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Guieb Café’s Entire Menu, From Prime Rib to Crab Legs, is Available for Takeout
The Waipahu caterer brings cheap eats in Kalihi.
Sometimes the best discoveries are the most random ones. I’d been scrolling through Facebook and saw my classmate, Wina Silva, on a breakfast date with her boyfriend, raving about the food at a newish restaurant called Guieb Café. My other classmates went wild and quite a few of them already knew about it. When I asked where it was, several people said, “It’s across Kikuya!”—as if I knew where THAT was. Sokay, my GPS would show me the way.
Turns out, Guieb (pronounced “Geb”) Café is in the back of Diner’s, next to Han Yang. No, we don’t use addresses around here! Only old-school landmarks!
It seemed like it had appeared out of nowhere, but in fact, it’s owned by Ernesto and Maria Guieb, who have owned Guieb’s Catering in Waipahu since 2006. Their kids are old enough to help, they found a good spot in Kalihi, and they opened their restaurant in March … and then the pandemic hit. They had to immediately switch to takeout mode and keep plugging at it until restaurants were able to open again for dining in. (These photos were taken when dine-in was allowed—now during lockdown, the entire menu is still available for takeout.)
Not everything is a home run, but for the most part, everything is really reasonable and the portions are big. It’s good enough that I went back to try more things.
Who doesn’t love fried chicken? I don’t know what they season it with at Guieb Café, but it has a great, old-school flavor. The skin is light and crispy and the meat is moist inside. If I could just eat the chicken by itself, that would be totally fine. Hopefully they expand their menu so you can just order the chicken as a side! You can order the chicken as a plate with rice and sides, which is preferable to the waffles, which are a little too soft. A friend who went on a separate occasion and had the purple sweet potato waffle noted that they just need to cook it for one more minute to get it crispy.
The thing to get is the prime rib—as a plate, with eggs or as a loco moco (top photo). If you order it plain with eggs, it comes with rice and your choice of imitation crab salad or steamed vegetables. If you get the loco moco, it will not have the choice of side, but you’ll have all of that rich mushroom gravy. The meat is really tender, and a treat for breakfast. Just make sure to get on it early, for the prime rib tends to sell out.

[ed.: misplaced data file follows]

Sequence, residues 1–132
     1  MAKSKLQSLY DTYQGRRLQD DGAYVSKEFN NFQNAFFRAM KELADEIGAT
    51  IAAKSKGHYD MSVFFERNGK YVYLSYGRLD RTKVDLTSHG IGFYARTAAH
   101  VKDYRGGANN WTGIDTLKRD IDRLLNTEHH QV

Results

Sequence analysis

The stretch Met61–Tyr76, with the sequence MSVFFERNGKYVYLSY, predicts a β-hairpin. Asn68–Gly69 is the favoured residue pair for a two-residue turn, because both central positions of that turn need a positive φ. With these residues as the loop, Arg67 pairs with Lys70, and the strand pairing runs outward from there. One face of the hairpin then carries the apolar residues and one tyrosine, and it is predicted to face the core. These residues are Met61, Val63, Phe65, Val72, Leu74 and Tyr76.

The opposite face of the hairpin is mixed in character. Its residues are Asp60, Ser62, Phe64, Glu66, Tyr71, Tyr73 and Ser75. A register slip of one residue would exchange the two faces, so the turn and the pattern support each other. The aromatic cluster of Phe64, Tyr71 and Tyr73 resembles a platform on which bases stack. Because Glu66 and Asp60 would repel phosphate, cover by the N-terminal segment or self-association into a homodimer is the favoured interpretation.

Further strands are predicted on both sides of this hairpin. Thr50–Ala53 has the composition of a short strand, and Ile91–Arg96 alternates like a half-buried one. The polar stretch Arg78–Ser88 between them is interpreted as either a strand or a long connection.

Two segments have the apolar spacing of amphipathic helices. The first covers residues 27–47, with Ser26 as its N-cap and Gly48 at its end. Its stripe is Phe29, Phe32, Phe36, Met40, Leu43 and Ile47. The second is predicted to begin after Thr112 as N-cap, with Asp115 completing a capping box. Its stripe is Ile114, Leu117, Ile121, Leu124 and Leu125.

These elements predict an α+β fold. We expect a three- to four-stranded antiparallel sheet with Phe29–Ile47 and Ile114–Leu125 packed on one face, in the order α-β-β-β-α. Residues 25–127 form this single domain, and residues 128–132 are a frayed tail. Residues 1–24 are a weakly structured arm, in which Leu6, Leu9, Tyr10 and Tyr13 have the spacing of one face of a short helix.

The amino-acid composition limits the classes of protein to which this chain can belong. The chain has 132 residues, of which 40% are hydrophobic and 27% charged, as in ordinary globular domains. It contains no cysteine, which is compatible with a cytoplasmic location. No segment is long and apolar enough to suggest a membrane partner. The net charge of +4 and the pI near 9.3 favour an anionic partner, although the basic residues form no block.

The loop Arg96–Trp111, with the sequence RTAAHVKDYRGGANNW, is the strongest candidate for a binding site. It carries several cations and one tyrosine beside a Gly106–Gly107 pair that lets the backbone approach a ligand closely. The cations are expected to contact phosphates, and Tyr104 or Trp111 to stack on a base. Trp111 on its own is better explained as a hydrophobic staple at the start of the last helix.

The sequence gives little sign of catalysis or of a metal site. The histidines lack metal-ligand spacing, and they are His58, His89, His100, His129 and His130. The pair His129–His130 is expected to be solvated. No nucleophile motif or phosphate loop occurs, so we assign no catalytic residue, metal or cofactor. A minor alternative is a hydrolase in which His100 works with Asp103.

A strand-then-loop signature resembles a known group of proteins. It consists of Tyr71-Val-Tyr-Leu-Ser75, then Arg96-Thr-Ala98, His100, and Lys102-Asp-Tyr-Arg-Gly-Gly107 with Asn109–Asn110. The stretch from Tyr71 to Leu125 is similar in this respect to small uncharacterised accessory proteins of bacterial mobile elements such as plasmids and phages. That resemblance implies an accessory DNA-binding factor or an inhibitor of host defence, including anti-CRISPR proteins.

Two clusters of crab legs are a great deal for $15. These—along with the rice—get a nice coat of garlic butter, plus butter on the side. They give you a crab cracker (which you don’t need for snow crab legs as you can use your hands or a crab sheller) and a crab fork to make things a little easier. Anyway, a plate like this is easily twice the price somewhere else.
Guieb Café has four Benedicts: traditional, crab cake, caprese and char siu on a bao bun. I liked this one more than other Benedicts I’ve had, since I don’t like the cardboard-y English muffin. I usually spend some time sawing through it, or I leave it behind. The bao bun is nice and fluffy, making this a fun presentation and easy to eat.
The pancakes here were more chewy than fluffy, but they weren’t tough and they tasted good. To be honest, $6 for fancy pancakes, fluffy or not, is such a good deal. They have some other pancakes that may be even more appealing for kids, like Oreo with cheesecake ($6.95) and chocolate chip ($5.95). At that price, you might as well order your family your own little pancake buffet.
Another one that is probably popular with kids or the sweets lover is their Fruity Pebbles French toast using Portuguese sweet bread. In addition to traditional French toast, Guieb Café also offers honey French toast açaí ($9.95) and Nutella French toast ($7.95).
No surprise that Guieb Café has a few omelets, but why go with the usual when you can get one stuffed with Philly cheese steak? The shaved, marinated meat is tossed with mushrooms, onions, red and green bell peppers and mozzarella cheese, a nice combination of flavors and textures. You can order your omelet with green salad, rice, hash browns, toast, or sweet potato fries (shown here, super filling).
If you’re craving oxtail soup, they have that here, too, but it may not be the kind you’re used to. There were no peanuts in our oxtail soup, which was fine with me, but I know many people like that. It was also overflowing with veggies, which was also fine with me, but I know some people don’t like that, either.
My classmates have gone back and have raved about the seafood plates, like the garlic shrimp and lobster tail, and the gigantic breakfast platters. The price is right and there’s lots of parking, but they’re only open from 6 a.m. to 3 p.m.